The People’s Republic of Texas. 

I’m back in Beaumont. We are actually building the bridge! Pounding away at piles and starting to form the footings! I’m in my element!!

I worked until 7pm today because I don’t really have a reason to go to the apartment when I have Riley at work with me, other than to bathe and sleep. The apartment is more Riley’s home than it is mine but when I’m in the field, he gets to hang out with me. 

When I lived in Austin, I never felt uncomfortable being butch. Wearing means clothes, having short hair, and carrying myself with a more masculine gait. I’ve also never been bothered when I’m called ma’am or if I’m mistaken for a male and called sir. 

However, I can’t ever recall being called “sir” when I lived in Austin. Or even in Houston for that matter. 

Beaumont, however, it’s a daily occurance. Literally. The barista at Starbucks has gotten used to me ordering my Grande Pike and seldom even refers to my gender. 

The people at work are now familiar with me in my jeans and ball cap and it doesn’t seem to phase them. 

It’s the unfamiliar. 

At the grocery store. “Sir, do you have a Kroger card……I’m sorry”

At the local fast food chain “would you like fries with that sir (and the girl behind him whispers in his ear his mistake) oh. Sorry bout that”

Maybe I’m weird. Maybe I’m actually more sensitive to it than I think I am. But, I almost would prefer they simply ignore that they’ve made a mistake. Or, at the very least just say, “I’m sorry” and move on. 

The stuttering and stammering just makes it even more awkward. For both of us. 

I had an incredibly bad day a few weeks back and needed to go to the store after work to pick up a few things. As I’m searching the signs over each aisle looking for the right one, a voice said, “can I help you find something sir?” I’m not a man so I didn’t answer because I didn’t think he was speaking to me. He said it again only this time a little aggressively. “Excuse me, sir. Can I help you?”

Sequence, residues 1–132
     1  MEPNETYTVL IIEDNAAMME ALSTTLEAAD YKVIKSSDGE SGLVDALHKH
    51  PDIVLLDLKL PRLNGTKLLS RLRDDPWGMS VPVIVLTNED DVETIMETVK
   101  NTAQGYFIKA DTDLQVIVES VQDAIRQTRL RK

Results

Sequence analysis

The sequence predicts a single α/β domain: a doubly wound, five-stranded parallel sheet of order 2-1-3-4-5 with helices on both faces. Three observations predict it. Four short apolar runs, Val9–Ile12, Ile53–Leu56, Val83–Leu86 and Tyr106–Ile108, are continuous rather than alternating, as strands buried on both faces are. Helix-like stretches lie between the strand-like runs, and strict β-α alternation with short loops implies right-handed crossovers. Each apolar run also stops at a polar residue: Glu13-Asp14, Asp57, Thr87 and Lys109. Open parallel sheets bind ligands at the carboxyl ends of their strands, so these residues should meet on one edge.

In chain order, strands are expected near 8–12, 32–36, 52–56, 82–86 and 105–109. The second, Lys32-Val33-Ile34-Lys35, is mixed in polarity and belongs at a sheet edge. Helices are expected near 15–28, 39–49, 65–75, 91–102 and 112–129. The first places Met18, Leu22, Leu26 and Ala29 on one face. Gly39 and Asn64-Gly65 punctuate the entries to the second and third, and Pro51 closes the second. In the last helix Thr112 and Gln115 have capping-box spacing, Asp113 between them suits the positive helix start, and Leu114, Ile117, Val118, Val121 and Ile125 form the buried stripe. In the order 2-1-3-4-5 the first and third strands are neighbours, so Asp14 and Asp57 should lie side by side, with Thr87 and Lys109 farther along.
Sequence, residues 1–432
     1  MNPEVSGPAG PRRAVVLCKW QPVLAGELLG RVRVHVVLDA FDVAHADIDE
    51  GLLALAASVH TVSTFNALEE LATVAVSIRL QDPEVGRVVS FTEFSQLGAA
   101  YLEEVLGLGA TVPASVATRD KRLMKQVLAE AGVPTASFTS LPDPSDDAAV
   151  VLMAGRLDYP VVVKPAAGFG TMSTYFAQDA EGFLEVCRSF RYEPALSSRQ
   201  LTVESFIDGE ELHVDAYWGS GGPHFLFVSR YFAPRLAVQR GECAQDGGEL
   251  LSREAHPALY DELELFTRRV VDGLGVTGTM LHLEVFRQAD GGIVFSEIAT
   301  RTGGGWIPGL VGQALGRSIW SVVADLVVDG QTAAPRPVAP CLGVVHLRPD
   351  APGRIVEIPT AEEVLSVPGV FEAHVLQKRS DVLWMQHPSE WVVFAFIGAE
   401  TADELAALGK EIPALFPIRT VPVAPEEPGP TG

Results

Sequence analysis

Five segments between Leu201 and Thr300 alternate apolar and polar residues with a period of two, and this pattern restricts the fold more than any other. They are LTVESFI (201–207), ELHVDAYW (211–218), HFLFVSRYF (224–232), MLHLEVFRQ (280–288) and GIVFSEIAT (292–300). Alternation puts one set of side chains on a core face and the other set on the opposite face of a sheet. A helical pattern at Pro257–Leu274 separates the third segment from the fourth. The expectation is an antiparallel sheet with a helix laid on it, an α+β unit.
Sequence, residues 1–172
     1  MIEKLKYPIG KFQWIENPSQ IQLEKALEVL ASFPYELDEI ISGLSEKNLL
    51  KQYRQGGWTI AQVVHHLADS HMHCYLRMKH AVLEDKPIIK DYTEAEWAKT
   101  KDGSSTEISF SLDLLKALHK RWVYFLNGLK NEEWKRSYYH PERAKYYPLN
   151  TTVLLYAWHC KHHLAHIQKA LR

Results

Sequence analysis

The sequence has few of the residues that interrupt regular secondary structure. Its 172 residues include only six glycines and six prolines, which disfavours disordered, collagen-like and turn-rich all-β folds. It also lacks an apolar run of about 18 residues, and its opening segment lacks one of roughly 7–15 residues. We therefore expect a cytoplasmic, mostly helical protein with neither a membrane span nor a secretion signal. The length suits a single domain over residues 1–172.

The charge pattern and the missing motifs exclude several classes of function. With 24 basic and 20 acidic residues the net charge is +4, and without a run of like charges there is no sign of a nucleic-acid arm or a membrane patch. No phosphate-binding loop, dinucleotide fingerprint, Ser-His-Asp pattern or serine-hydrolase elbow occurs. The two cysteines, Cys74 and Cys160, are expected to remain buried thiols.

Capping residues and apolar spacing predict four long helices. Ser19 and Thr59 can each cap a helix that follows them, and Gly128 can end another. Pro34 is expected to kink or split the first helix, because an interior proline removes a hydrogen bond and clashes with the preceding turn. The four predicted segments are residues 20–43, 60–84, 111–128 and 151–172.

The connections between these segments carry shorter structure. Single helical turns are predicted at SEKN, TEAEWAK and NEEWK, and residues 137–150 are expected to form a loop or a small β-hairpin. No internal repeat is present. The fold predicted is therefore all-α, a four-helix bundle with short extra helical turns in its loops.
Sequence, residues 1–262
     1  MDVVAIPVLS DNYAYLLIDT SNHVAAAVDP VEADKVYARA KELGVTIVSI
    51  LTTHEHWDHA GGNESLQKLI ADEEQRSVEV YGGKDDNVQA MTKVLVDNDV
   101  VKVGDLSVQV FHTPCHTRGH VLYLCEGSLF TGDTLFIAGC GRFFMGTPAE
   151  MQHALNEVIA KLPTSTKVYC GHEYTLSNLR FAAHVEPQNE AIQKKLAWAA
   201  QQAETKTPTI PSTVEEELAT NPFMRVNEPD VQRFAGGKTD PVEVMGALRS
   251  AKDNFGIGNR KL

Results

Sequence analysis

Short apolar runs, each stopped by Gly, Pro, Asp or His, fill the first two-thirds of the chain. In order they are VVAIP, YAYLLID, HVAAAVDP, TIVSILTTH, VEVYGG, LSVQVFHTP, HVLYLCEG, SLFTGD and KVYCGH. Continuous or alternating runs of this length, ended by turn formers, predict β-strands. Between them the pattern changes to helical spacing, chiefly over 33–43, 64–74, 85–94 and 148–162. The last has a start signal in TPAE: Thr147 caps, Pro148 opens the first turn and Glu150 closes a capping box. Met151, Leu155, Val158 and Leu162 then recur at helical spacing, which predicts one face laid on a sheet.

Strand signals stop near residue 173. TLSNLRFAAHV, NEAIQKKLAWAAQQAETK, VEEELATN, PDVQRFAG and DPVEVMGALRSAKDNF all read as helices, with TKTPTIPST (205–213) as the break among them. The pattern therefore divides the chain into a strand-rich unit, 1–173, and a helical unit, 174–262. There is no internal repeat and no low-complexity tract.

I finally turned around and he started that typical stutter step. 

“I am so sorry. Ma’am. Can I help you find something?”

In an uncharacteristic tone I asked him if he was really all that interested in what I was looking for. When he asked what I meant I said, “you have asked me three times if you could help me. The first two you incorrectly referred to me as a male. Did it dawn on you that regardless of my gender, when I didn’t respond, it would have been ok to just move along and leave me the hell alone?”

He was offended and left. 

I guess what gets me is that we still feel the need to identify people by their gender. Does it matter? Can’t someone be just as polite saying, “Can I help you?” without having to relate to me by my gender? 

Today I was given my itenerary for next week. I’m presenting in Houston for two large projects that we have partnered with another firm on. 

When I contacted the lead engineering (via email) to find out what task lead position I would be presenting, he responded with “Mr.”

It didn’t bother me but my boss who had been cc’d on it sent his response email and included my “bio” page, complete with the airbrushed professional photo that I had taken. His subtle way of revealing my gender without making the other guy feel like an ass. 

If it doesn’t bother me, why should it bother others? Better yet, why should their awkwardness become my problem? 

On a lighter note…this weekend was pretty stressful. I had a lot of work to get caught up on and I need to decide how I’m going to handle school this summer. I went outside and smoked a cigarette. Something I haven’t done in over a year and something julie has NEVER seen me do. When she caught me I felt as though she had just walked in on me madturbating!! Awkward!! 


2 thoughts on “The People’s Republic of Texas. 

  1. I think your Sir post and my Ma’am post crossed in the cloud…

    On Monday I was stopped my a new staff member at the gym on my way into the (women’s) locker room – she did apologize when I told her it was OK for me to go in – and I got Sir’d on Tuesday at Starbucks and told the guy we were supposed to be talking about race not gender and he laughed it off. It isn’t just in the boonies…

    • I’m not sure if I’m happy or dismayed that this isn’t just a boonies thing. To me, gender should be thought of the same way fingers and toes are. We all have them but nobody ever brings them up because it’s not important in how we live our lives!

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